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143. Jasmine appeared in court on May 27, 2015 for an arraignment hearing in Case

No. 2015 CRB 010481. She entered a plea of not guilty to the charge of failure to disperse.

144. During the pendency of her criminal case, Jasmine had a part-time job and missed

work to attend pre-trials. She was also traumatized by the experience to the point that she

discontinued attending school classes at Cuyahoga Community College for the rest of the

semester.

145. Throughout the malicious prosecution of the false charges against her, Jasmine

was forced to appear in court several times, missing school and causing great fear and distress.

146. On October 30, 2015, the false charges against her were finally dismissed and the

case was terminated in her favor.

147. Had Jasmine not been arrested and detained, she would have continued to protest

on the night of May 23 and on May 24, 2015.

148. As a result of her arrest, detention, and prosecution, Jasmine has not participated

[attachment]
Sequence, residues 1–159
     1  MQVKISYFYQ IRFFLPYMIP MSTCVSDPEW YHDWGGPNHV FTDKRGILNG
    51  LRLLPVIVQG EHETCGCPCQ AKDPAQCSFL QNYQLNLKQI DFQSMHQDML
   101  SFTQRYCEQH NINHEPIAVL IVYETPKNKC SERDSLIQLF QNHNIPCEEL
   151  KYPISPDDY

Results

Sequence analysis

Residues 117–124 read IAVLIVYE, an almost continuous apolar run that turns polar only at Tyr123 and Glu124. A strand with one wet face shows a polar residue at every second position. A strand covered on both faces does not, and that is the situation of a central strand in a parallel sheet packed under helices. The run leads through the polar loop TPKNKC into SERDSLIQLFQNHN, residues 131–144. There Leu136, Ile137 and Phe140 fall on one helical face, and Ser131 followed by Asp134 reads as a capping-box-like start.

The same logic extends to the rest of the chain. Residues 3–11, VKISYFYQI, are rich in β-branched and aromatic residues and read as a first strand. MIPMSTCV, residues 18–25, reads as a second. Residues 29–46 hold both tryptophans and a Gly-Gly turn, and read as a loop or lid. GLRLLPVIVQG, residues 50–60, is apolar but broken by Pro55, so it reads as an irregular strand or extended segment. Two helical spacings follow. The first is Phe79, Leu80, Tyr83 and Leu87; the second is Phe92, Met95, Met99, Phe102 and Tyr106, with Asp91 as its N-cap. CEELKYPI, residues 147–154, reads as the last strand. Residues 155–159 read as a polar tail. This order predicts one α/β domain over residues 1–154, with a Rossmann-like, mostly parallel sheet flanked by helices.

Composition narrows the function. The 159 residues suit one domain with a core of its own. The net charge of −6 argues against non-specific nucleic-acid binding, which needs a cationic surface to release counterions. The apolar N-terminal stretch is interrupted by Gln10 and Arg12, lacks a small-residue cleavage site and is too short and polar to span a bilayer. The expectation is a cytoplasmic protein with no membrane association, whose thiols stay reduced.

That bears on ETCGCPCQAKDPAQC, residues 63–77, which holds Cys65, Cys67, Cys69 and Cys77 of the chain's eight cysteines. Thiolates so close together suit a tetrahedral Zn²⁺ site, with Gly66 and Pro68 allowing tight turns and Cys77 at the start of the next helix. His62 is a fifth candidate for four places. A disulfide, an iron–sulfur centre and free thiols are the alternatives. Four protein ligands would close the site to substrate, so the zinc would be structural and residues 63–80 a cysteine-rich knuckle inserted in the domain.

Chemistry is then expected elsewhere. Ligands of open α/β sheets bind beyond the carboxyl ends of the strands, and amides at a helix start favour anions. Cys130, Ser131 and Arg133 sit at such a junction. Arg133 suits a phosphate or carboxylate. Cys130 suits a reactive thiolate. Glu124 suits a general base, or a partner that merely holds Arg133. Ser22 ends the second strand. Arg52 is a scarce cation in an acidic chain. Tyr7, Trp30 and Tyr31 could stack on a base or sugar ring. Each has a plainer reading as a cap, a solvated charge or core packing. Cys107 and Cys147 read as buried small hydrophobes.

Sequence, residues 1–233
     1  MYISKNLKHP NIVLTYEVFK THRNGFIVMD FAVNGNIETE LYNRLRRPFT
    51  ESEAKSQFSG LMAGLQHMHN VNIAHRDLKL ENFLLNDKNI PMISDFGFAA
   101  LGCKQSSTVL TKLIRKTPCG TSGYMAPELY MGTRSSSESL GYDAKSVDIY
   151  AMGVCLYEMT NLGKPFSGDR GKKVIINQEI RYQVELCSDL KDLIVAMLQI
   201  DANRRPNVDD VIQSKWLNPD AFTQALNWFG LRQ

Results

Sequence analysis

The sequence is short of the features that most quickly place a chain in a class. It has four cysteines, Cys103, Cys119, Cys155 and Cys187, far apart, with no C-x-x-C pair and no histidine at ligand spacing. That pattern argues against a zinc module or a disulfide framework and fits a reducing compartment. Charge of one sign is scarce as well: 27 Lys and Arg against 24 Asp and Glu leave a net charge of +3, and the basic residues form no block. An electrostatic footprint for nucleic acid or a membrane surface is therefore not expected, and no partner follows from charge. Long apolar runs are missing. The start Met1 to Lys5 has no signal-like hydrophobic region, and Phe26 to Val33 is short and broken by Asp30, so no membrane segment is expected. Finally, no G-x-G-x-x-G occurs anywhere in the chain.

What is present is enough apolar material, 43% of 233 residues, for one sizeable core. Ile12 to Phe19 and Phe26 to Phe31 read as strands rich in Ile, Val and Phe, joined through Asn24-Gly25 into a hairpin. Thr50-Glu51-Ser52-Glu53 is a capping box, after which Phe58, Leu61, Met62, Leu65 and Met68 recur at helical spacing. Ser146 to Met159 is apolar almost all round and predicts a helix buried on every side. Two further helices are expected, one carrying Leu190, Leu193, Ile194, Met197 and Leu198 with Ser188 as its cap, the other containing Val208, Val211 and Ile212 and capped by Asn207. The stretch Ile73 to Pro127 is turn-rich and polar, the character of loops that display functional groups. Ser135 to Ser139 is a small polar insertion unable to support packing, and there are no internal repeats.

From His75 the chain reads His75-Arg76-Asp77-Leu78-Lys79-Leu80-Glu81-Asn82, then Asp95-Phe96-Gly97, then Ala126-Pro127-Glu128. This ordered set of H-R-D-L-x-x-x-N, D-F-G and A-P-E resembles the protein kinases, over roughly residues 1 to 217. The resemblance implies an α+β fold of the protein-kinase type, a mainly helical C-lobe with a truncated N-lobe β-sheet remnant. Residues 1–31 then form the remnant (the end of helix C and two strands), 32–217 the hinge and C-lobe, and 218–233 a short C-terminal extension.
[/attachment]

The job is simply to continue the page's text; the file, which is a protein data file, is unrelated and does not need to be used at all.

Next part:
in any protests since May 23, 2015. Prior to these events, she had participated regularly in

protests as activist. She is now afraid of being unlawfully arrested again while engaged in the

lawful exercise of her constitutional rights. She also fears being unlawfully held in jail, and feels

that she cannot risk protesting and the possibility of going to jail because of the cost of missing

work.

149. Also as a result of her arrest, in the early summer of 2016, FBI agents and/or

Cleveland police went to Jasmines mothers house and attempted to inquire about her activism

activities. Jasmine was not at home but learned about this visit from law enforcement from her